I think I know how you feel. I'm in the same situation in a way. I like all that New England preppy, english upperclass stuff, but I'm just a poor French-Canadian guy who lives in the suburb.

Sure, I can dress like a Yale teacher circa 1956 or a Cambridge student from the '20, but I know it's just a costume. I like traditions, but I am the one who turns the traditions of others into a parody, into something that doesn't mean anything anymore. I love authenticity, but I'm wearing clothes from an other social class, from an other era. I'm the epitome of unauthenticity.

So most days, I just wear jeans and a little something that reminds me of a better time. After all, we're not supposed to turn heads.

Philip said...

Maybe this is me, but I just don't see where this idea comes from. I'm a poor college student whose Dad came from the hills of Southwest Virginia; your family is Italian; Anonymous is French Canadian; yet we all like and want to wear the same good quality American clothes---what's more American than that? We're a nation of immigrants. Does the fact that some of my ancestors may have founded Jamestown make me more fit to wear a certain style and fit than you? No---it's no more costumey on you than it is on me. We all care about quality, style, and fit---and let no one naysay us. If a southerner whose ancestors fought with Lee can accept this, then who is to say otherwise?

Anonymous said...

No sane person would pass judgement upon you for wearing that tie, regardless of education, upbringing, social class, etc. Certainly not to your face.

You might however, be mistaken by a Harvard alum FOR a Harvard alum, but a few sentences from you would clarify the issue, and I sincerely doubt that anyone would think less of you, especially considering that upon closer inspection it is NOT a Harvard tie.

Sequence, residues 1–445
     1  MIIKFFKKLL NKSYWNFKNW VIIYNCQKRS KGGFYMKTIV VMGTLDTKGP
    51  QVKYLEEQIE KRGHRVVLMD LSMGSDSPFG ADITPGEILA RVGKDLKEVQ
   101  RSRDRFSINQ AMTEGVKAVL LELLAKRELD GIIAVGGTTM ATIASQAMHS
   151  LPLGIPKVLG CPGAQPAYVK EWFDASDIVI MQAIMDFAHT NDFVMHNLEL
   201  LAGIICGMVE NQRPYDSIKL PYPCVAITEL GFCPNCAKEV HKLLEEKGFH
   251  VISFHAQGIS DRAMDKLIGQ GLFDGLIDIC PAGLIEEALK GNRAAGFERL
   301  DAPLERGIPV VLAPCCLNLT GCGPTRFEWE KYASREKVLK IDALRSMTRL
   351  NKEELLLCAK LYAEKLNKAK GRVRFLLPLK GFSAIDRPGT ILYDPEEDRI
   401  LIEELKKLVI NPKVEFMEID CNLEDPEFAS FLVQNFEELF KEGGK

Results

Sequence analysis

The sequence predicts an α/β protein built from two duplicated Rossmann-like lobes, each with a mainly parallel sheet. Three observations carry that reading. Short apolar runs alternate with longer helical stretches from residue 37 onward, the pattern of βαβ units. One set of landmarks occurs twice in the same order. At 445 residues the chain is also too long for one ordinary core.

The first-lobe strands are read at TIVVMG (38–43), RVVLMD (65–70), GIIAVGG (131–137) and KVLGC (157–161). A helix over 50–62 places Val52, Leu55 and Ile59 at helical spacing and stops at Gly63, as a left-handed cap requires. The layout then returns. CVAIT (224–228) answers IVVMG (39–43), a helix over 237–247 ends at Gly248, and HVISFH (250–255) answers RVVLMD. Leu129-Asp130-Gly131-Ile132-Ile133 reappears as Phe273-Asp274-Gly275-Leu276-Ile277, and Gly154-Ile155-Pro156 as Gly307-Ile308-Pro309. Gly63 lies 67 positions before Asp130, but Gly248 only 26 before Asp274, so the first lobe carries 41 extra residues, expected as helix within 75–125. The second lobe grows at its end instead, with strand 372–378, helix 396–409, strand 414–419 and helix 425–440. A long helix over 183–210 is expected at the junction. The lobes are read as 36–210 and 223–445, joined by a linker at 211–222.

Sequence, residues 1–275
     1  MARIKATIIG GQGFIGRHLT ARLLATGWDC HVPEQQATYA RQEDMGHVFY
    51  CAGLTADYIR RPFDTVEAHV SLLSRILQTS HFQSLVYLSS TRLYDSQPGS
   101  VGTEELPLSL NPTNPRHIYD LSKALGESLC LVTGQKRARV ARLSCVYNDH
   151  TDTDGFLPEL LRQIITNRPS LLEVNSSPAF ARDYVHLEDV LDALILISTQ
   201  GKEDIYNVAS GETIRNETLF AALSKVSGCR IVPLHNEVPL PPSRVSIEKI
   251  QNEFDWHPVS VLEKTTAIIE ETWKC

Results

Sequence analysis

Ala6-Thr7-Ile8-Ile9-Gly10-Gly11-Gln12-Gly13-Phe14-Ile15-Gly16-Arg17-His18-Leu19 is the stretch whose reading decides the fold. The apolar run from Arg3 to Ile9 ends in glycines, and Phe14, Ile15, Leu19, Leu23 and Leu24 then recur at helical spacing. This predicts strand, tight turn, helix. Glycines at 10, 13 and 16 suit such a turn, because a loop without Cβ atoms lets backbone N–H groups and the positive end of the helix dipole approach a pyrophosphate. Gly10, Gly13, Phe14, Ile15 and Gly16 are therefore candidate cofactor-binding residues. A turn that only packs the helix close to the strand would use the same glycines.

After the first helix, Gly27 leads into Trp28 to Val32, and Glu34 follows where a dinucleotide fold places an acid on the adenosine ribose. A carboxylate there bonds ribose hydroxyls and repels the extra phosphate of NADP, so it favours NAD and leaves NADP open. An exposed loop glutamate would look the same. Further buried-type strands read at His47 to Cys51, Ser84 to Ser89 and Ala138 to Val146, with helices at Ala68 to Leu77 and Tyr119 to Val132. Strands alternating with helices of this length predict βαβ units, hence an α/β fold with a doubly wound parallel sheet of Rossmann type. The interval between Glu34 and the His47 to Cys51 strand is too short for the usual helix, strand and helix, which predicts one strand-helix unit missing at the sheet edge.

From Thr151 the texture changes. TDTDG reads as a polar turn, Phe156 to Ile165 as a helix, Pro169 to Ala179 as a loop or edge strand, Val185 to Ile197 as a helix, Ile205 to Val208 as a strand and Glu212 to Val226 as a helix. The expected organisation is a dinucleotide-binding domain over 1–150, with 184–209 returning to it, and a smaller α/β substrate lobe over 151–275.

So why all the sociological gymnastics then? Sometimes it seems you use your excellent blog to thwart disapproval that is not forthcoming.

Name one occasion where someone has, in person, expressed disapproval because you wore a repp tie or other "upper class" attire?

You're like the pretty girl in school with low self esteem who is convinced that everyone thinks she is ugly.

Even the most die hard Boston Brahmin would probably just say "what a well dressed man." and not "why is that uneducated italian stockboy wearing a repp tie?"

It's all in your head, kid.

Anonymous said...

How does one recognize an "old money Yankee"? I am assuming they don't announce themselves as such.

"these folks tend not to like the idea of anyone outside their circle receiving an education, speaking and writing well..."

Quite a supposition.

"The fact of the matter is that this birth based class system is on the way out, and so are the social signifiers that the clothing used to carry."

This happened like 25 years ago.

Anonymous said...

Unfortunately some from the old world really don't understand what it is to be an american. Any one can become an american and be what ever they wish to be, hippy prep whatever. One can not say that about almost every other country in the world, I could move to France but would never be considered a Frenchman. So let Cod rest in peace, he will never get it, after all he is apparently an exile.